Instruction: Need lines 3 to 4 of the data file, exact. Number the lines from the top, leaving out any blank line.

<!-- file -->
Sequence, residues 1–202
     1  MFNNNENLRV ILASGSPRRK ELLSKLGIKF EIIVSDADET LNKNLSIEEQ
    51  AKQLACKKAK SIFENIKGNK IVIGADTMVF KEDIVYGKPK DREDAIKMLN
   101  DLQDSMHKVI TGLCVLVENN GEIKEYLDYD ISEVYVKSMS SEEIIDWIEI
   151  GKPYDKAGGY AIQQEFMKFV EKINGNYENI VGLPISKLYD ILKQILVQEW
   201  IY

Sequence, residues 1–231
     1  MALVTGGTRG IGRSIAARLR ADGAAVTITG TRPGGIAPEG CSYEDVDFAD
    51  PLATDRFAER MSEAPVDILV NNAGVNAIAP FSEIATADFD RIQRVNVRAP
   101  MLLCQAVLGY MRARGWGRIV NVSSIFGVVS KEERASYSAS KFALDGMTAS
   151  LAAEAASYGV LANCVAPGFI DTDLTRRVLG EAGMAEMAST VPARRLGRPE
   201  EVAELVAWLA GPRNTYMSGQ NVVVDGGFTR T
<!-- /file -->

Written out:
    51  AKQLACKKAK SIFENIKGNK IVIGADTMVF KEDIVYGKPK DREDAIKMLN
   101  DLQDSMHKVI TGLCVLVENN GEIKEYLDYD ISEVYVKSMS SEEIIDWIEI